TUN slams directive prohibiting successful JSC learners from formal school

TUN slams directive prohibiting successful JSC learners from formal school
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NAMPA

The Teachers Union of Namibia (TUN) has slammed a recent directive by the education ministry which prohibits successful part-time Junior Secondary (JCS), candidates (Grade 10) from continuing their Grade 11 and 12 through the formal schooling system.
The directive, issued on 2 January 2020, by the Ministry of Education Arts and Culture (MoEAC) Executive Director Sanet Steenkamp said learners who were successful in improving their JSC results in 2019 will not be able to return to full-time schooling for Grade 11 as they are still a part of the old curriculum which has been faced out.
Such learners, she said, must continue with their part-time studies and complete the Grade 12 on the old curriculum over the next years before it completely phases out.
TUN Secretary General Mahongora Kavihuha in an interview with NAMPA on Wednesday said the MoEAC has given no scientific evidence as to why learners should not go back to formal schooling to complete Grade 11 and 12, describing the directive as based on a hypothetical basis.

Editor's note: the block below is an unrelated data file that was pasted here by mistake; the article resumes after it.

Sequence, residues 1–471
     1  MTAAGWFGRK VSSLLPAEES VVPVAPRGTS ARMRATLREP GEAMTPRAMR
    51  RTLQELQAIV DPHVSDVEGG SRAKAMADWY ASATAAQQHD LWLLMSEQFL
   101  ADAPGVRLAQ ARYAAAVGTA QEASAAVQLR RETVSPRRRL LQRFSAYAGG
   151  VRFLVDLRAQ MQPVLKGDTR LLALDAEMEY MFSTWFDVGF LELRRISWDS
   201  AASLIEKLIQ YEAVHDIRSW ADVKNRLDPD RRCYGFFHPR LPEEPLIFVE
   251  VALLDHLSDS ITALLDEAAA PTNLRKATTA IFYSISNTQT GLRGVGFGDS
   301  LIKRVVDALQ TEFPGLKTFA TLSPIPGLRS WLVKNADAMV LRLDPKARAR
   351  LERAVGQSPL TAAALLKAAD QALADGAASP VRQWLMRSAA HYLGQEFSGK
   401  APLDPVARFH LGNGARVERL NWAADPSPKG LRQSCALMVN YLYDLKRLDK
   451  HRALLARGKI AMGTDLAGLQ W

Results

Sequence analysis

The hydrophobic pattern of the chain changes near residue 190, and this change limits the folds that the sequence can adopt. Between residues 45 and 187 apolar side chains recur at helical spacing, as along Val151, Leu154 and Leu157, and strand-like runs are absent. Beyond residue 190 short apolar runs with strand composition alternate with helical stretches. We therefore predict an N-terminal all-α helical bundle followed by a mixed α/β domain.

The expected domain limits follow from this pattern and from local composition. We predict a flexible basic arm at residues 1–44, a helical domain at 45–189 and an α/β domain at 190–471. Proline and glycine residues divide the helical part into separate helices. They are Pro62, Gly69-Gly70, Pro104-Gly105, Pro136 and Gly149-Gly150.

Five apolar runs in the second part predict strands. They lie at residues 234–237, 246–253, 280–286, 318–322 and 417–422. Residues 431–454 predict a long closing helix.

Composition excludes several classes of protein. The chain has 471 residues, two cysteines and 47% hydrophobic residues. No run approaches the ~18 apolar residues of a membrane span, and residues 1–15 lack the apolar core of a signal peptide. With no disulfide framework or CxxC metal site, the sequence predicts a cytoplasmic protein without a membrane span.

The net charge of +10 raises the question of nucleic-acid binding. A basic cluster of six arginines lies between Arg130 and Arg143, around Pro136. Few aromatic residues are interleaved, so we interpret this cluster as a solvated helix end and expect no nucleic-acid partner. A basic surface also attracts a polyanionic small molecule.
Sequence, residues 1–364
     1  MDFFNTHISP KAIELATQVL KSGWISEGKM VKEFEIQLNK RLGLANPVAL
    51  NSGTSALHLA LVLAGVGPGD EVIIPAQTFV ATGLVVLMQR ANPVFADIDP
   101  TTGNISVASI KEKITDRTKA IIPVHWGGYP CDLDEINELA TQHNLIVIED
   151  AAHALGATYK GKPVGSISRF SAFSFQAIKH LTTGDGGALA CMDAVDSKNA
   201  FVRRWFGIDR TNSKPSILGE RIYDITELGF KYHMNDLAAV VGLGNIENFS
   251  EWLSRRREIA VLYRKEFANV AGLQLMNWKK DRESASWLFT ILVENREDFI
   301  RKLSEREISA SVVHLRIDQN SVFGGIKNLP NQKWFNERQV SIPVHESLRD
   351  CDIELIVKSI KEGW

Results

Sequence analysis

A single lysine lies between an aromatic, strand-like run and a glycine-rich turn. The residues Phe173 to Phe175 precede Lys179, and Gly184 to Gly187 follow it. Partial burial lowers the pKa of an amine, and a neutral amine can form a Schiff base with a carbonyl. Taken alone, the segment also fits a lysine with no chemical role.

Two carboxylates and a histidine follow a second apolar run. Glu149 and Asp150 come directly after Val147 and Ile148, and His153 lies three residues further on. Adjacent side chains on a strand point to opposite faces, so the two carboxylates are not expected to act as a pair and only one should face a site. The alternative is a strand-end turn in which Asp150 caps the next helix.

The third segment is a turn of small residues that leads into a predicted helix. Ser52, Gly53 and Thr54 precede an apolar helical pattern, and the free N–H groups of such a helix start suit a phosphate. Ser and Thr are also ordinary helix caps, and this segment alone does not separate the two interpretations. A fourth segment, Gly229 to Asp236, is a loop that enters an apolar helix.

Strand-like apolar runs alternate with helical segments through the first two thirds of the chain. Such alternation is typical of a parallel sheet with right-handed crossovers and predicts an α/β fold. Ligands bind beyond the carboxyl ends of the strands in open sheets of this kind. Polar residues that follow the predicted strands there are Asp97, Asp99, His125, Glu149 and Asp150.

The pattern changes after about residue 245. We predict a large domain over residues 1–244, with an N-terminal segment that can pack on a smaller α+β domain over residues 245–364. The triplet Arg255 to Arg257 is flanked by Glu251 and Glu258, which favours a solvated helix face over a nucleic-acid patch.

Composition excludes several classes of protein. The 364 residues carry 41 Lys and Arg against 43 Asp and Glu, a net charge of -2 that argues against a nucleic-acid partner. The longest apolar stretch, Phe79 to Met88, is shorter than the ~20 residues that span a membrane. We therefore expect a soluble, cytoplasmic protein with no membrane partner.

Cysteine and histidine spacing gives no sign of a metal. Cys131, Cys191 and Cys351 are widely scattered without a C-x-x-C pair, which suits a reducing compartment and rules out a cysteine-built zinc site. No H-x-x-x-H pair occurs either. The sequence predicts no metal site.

“The directive is compromising the academic freedom of learners and the system should be developed in a way that every Namibian child can enter at whatever level to continue with formal education,” he lashed.
He added that there are many unemployed teachers in the country and the ministry should, therefore, establish centres that will allow these learners to be taught on a fulltime basis on the old curriculum.
On his part, Namibia National Student Organisation (NANSO) president Simon Taapopi suggested that the ministry reintegrates the learners back either into the new system as the syllabuses do not exceedingly differ and identify schools countrywide that can offer the old curriculum to allow the learners to continue with Grade 11 and 12.
“We cannot allow the future of these learners to be in limbo, it is also extra costs for these learners and there is a risk of having a high failure rate as they are now attending classes on a part-time basis,” he said.
The ministry embarked on a curriculum review as recommended at the 2011 Education conference which has been implemented since 2015 in three phases of junior primary; senior primary and junior secondary Grade 8 and 9.
Thus, 2018 was the last year that JSC was offered at schools for full-time candidates and 2019 was the first year that the Grade 10 revised curriculum was taught in schools.
-NAMPA